The Colorado Department of Transportation (CDOT) has launched a website and a division that will help small businesses connect with contractors who are rebuilding state roads and bridges after this year’s flooding.
Statewide, road and bridge damage totaled an estimated $450 million, said Amy Ford, CDOT spokeswoman. Because of the catastrophic nature of the incidents, the federal reimbursement was lifted from $100 million per incident to $450 million for the state, Ford added.
State bridge inspectors have completed their review of 400 state bridges and are now inspecting bridges not on state roads, Ford said. To expedite construction, CDOT has partnered with the Small Business Development Center network, a series of 14 SBDCs in the state. The goal is to offer guidance for small businesses wanting to contract with the state to mitigate flood damage.
Ford highlighted two avenues available for small businesses that want to help with rebuilding.
One, work with a consultant who can facilitate connections (contact: connect2dot.org, 720-624-6728). The site takes a business owner through the processes needed to bid on projects that are already underway.
The second — the one Ford recommends — is to get required CDOT certifications and network directly with contractors who have received the primary contracts.
“Prime contractors have scopes of work they will look for help with,” Ford said.
CDOT started the emergency maintenance program to speed up the process contractors must go through to help rebuild roads and bridges after the flooding.
“You can come in and work directly with one of our resource specialists with consulting and business training help,” Ford said. “There are a number of different supportive services that we help businesses get their foot in the door.”
The website shows how businesses can get free advice from state transportation specialists, attend workshops on topics related to highway construction, get business certifications such as being named a “disadvantaged” business to increase successful bidding, get one-on-one industry help and more.
Being named “disadvantaged,” or women- or minority-owned, may help businesses obtain bids, as state regulations require a certain amount of business be given to “disadvantaged” concerns.
“We have an amazing program to help businesses get into transportation-related projects,” said Kelly Manning, state director of the SBDC network.
The Colorado Springs Small Business Development Center will help small businesses connect with the larger companies working on road projects, Manning said.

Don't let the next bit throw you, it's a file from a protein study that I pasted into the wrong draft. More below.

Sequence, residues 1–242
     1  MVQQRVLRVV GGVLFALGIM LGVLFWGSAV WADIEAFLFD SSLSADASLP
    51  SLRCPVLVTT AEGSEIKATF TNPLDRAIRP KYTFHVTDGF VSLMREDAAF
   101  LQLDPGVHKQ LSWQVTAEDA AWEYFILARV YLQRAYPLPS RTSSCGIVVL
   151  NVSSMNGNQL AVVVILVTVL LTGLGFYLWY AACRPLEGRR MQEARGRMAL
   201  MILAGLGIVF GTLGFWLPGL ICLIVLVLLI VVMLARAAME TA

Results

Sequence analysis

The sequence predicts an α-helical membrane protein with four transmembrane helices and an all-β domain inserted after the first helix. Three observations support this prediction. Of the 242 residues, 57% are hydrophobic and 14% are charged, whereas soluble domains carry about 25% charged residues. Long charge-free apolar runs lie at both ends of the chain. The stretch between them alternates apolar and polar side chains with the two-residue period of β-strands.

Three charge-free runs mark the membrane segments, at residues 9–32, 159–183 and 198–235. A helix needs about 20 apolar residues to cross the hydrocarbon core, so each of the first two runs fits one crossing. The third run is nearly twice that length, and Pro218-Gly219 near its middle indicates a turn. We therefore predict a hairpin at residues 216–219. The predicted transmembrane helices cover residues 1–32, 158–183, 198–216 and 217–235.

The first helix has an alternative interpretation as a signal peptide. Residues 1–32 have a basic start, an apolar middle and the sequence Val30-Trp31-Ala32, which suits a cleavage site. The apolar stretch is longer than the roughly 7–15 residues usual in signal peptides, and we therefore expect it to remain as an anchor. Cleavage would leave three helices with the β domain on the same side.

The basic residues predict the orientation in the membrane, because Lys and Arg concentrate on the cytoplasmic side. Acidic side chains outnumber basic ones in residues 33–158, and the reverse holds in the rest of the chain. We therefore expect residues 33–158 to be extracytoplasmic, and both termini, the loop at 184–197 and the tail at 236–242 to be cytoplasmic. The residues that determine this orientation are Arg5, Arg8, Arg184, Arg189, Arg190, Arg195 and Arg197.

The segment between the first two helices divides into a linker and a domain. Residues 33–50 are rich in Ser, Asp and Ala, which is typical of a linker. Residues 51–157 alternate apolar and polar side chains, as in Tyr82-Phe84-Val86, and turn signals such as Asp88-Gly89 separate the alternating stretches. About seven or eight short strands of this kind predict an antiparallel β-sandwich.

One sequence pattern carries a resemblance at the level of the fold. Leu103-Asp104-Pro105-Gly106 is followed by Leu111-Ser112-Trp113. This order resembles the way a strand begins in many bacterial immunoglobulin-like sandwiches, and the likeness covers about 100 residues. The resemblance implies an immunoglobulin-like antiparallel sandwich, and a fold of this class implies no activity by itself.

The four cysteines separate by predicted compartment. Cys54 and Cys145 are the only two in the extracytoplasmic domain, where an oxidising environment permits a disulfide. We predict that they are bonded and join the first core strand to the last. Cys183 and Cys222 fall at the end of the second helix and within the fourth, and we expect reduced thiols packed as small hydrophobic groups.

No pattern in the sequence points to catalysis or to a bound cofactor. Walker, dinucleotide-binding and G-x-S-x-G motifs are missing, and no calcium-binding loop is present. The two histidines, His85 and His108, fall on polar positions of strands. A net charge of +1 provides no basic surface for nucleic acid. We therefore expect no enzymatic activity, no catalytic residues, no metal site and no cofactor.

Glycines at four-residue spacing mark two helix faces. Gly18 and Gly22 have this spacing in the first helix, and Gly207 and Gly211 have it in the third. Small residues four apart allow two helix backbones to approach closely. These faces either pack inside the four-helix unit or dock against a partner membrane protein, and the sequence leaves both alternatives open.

“There’s a lot of great opportunities out there,” particularly for contractors wanting to help in northern Colorado, said Aikta Marcoulier, executive director of the local SBDC. “There has been a lot of interest from the small business contracting community regarding how they can help the state highway and bridge system in the Front Range areas that were devastated by recent floods.
“Our team running this has seen everything that could happen to a business when it comes to a fire or a flood.”
Under the program, regional project engineers and environmental managers can give a purchase order directly to a contractor without going through a formal bidding process, she said.
“That means they’re making calls to contractors but they will typically just call who they know,” she said.
Small businesses can reach out directly to contacts in CDOT Region 4, in northern Colorado, Marcoulier said. The CDOT Civil Rights and Business Resource Center encourages staff in the regions to check the DBE directory (coloradodbe.org) and ESB directory (coloradoesb.org) and consider small business contractors for emergency projects, she added.
Marcoulier outlined the basic steps for small business contractors:
• review the CDOT emergency maintenance procedure;
• contact prime contractors deployed to job sites;
• check the bidding section of the CDOT website;
• contact project managers in the regions affected to advise them of services available and to assess the need; and
• contact the regional civil rights manager for more information.
The statewide SBDC network will host a Nov. 14 event in Colorado Springs to help small businesses deal with “a diverse range of perils,” the SBDC website says. Specialists will conduct one-on-one consulting for businesses primarily affected by the Waldo Canyon and Black Forest fires and the subsequent flooding, Manning said.
Another resource for small businesses is the Colorado Procurement Technical Assistance Center located in Colorado Springs. It offers help for businesses that seek government contracts, Manning said.
Grant money aimed at the Colorado Springs SBDC has primarily helped businesses affected by flooding in Manitou and surrounding areas, Manning said.